I felt totally out of place because I didn't understand how things worked (culturally or logistically) and I was frustrated by why a lot of things didn't work — the internet, electricity — you name it, it didn’t work! I quickly discovered that Zambia is quite conservative: For example, being married with two young girls, not much more was expected of me apart from caring for my husband and, oh yes, trying to have a boy (as I have been told). Having said that, because I’m classified as ‘foreign' here in Zed (as we call it fondly), my views on female independence and empowerment within society are excused, as these are sometimes viewed as being imported from the West.
If we accept that gender is a social construct that outlines the roles, behaviours, activities and attributes that a particular society believes are appropriate for men and women, then the assignment of these roles and adoption of these traits can create gender inequities, or differences between men and women that systematically favour one group to the detriment of the other.Photo: Courtesy of Fay Sowden
Zambia has one of the highest child marriage rates in the world with 42 percent of women aged 20-24 years married by the age of 18 — a rate that hasn’t changed since 2002 (UNICEF 2015). In sub-Saharan Africa, 57 percent of those living with HIV are female and in South Africa, Zambia and Zimbabwe, young women aged 15–24 are three to six times more likely to be infected than young men of the same age group.
Against that context, I am of Afro-Caribbean descent, born in Hong Kong, and have mixed race female children (no interest in trying for a boy, much to the horror of the locals). On top of that ethnic fusion specialty, add that I didn't want to stay at home all day and valued my independence and my own thoughts. Despite all of this, I was raised to show great respect to others and I will always acknowledge that. I have to respect the cultural norms and to a certain extent societal attitudes in a new country. With all these conflicting factors, I was finding it very hard to adjust and was beginning to think all was lost. Enter into the picture my sister-in-law and a new friend I connected with (who was also a newbie to Zambia) who helped me stumble across ZOCA.
ZOCA is a highly effective and exhilarating workout aimed not only at improving strength, muscle tone and endurance but confidence and body image as well. In each class, the focus is on fun, freedom, escape and re-creating the feeling of Caribbean Carnival/African dance parties at the gym. ZOCA blends local beats with local and international dance styles.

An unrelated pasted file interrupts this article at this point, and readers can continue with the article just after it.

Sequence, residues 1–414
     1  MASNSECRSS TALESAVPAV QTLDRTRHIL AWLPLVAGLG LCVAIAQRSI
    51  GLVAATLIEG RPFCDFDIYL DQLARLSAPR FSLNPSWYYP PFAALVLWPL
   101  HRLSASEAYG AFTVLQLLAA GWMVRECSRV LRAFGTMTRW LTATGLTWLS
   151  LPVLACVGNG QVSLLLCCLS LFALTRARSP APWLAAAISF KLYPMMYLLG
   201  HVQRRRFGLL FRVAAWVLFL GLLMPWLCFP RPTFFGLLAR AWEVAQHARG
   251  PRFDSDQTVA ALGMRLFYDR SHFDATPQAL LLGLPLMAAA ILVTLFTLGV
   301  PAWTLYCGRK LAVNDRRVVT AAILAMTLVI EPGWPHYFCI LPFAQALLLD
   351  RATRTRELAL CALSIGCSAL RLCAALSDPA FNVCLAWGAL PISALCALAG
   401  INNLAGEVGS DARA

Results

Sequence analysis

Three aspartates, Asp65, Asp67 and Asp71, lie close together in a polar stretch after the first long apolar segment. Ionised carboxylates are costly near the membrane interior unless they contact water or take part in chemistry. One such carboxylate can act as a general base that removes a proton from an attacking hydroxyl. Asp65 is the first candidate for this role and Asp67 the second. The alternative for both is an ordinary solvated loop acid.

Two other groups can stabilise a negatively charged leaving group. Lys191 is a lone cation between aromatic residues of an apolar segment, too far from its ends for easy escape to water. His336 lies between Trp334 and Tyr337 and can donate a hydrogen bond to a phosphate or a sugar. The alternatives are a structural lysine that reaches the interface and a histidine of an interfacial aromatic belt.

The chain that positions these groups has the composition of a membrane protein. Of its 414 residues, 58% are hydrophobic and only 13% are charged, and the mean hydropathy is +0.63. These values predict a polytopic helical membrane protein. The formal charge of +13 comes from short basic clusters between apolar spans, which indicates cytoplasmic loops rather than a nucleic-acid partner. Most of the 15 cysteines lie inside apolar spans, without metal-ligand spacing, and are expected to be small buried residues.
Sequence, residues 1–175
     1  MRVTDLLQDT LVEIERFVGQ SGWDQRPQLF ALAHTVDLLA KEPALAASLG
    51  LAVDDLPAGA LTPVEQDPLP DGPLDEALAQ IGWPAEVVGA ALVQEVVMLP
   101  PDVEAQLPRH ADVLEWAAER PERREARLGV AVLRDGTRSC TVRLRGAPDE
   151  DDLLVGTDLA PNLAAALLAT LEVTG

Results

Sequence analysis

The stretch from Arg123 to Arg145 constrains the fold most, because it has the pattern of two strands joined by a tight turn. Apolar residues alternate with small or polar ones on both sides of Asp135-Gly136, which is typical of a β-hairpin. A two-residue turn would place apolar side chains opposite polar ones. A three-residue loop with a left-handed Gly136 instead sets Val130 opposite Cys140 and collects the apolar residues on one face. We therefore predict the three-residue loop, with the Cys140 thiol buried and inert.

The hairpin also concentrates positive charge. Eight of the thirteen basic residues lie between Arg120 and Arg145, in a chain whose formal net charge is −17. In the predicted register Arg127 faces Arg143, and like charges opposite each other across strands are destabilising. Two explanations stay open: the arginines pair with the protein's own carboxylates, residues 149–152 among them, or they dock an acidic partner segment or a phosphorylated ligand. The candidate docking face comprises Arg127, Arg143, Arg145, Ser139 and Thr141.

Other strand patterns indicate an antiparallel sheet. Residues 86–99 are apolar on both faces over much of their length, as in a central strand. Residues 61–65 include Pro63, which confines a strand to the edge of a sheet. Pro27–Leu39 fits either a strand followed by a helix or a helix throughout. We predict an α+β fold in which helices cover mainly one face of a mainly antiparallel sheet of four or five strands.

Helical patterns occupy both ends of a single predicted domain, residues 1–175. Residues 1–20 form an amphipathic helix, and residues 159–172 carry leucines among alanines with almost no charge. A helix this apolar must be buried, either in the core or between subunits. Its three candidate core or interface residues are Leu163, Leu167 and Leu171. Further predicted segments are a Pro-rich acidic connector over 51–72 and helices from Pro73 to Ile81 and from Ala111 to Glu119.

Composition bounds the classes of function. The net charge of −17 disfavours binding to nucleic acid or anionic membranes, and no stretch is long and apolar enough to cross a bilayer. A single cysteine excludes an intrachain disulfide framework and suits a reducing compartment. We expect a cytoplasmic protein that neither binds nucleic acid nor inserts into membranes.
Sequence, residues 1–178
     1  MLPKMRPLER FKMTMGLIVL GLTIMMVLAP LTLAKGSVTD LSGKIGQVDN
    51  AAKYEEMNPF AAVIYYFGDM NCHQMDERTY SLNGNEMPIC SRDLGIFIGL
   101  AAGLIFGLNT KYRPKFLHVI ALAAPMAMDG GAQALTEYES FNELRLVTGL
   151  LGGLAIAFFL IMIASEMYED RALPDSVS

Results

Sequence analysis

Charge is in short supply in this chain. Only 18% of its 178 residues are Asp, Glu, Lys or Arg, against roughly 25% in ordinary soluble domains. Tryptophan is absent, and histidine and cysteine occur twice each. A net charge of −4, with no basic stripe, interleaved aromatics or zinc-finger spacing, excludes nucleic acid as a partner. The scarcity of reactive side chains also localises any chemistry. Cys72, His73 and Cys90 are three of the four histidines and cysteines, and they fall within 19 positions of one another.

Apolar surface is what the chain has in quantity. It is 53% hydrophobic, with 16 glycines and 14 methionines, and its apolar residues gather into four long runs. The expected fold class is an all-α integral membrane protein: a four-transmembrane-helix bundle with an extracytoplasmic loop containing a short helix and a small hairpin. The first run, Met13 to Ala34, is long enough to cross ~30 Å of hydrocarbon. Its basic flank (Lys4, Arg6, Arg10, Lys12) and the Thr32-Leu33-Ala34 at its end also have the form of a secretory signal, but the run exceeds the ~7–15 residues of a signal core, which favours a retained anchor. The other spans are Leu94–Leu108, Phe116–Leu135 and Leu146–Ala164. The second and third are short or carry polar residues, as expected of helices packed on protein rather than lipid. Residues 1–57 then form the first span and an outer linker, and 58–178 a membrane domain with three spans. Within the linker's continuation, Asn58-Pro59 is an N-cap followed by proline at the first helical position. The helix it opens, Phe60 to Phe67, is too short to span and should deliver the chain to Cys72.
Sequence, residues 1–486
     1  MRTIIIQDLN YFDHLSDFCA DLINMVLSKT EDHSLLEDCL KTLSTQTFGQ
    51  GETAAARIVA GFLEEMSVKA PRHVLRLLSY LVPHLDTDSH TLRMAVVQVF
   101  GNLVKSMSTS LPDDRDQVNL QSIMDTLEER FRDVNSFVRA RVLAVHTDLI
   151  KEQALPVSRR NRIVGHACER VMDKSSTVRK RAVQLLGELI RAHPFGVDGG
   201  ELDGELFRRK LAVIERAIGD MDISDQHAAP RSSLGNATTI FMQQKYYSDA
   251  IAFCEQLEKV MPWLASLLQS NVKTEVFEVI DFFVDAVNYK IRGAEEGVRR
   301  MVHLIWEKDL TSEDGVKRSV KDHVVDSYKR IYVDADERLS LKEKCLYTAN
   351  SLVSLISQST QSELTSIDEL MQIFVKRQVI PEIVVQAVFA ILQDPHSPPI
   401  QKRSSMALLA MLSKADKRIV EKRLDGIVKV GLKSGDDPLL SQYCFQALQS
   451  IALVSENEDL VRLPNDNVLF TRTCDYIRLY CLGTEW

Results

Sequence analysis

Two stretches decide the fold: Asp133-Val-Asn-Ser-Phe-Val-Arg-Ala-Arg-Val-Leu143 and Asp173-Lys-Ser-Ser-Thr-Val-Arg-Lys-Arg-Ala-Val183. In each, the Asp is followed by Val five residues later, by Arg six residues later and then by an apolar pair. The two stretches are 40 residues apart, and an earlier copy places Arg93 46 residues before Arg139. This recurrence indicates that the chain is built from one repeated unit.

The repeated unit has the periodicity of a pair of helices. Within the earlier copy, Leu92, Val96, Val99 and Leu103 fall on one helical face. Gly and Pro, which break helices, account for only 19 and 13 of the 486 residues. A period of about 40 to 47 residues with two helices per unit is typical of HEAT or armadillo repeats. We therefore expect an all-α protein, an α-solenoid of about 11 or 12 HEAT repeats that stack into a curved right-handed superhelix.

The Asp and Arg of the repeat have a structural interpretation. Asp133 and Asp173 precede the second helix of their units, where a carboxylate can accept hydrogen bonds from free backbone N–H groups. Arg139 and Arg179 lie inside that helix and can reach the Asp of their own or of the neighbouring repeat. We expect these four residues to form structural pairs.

For me, something clicked. I had suddenly found my anchor, an interest that I absolutely love. Over the past two years I have been on journey from a shy uncoordinated outsider at the back of the class, to whooping in the front, to instructor, to ZOCA company director. I truly believe ZOCA is more than just a dance fitness regime. It has transformative empowerment qualities as well.
"Yeah right," I hear you saying. "Bold statement." Yes, but I believe ZOCA encourages confidence, gives people a sense of empowerment and builds community. Here’s why:
I’m ashamed to admit the money I have spent on countless unused annual membership subscriptions, simply because I psyched myself out of attending. When we feel we must adhere to the expected way of doing things, we create a mental expectation. Striving to fulfill these expectations causes pressure. This leads many women to view working out as a chore. ZOCA flips that principle by teaching skill-based moves that are challenging yet fun. This redirects the energy away from what your body looks like toward what it can do, which is a much healthier way to be keep fit and perceive one’s self.
ZOCA is literally a lifeline for self-expression, it gives women and girls access to safe and sanctioned public spaces, allowing them to gather, develop social networks that extend beyond their families, discuss problems and enjoy freedom of movement on a regular basis.
Clients often go through a process of learning to love and accept themselves, thereby developing a strong sense of empowerment. ZOCA empowers women and children to move their bodies because they want to, not because they are told to or forced to. Empowerment is so contagious — it’s something easily gifted through ZOCA an activity that we know and love. Call it extracurricular empowerment.
As these Zocanistas found self-confidence and empowerment through fitness, they started to break the inertia telling them they were sub-par in some way because they were overweight or a woman or child and created momentum in the opposite direction, toward success. Over time, the perception and performance of these Zocanistas changes dramatically from the mediocre overweight Zocanista to the hardworking, confident individual. In these moments I see three things happen — excitement in achievement and reaffirmation that hard work pays off, a sense of empowerment and self-confidence, and an itching curiosity of “what else am I capable of?”
In incorporating these concepts of community, variety and scalability to fitness, we can help make fitness more accessible to everyone and allow fitness to become the primer to inspire positive change in our world. How do I know this is real? Because I started off as an outsider in the back row, too. Now I’m all the way in front leading the charge, and I will not be moved back.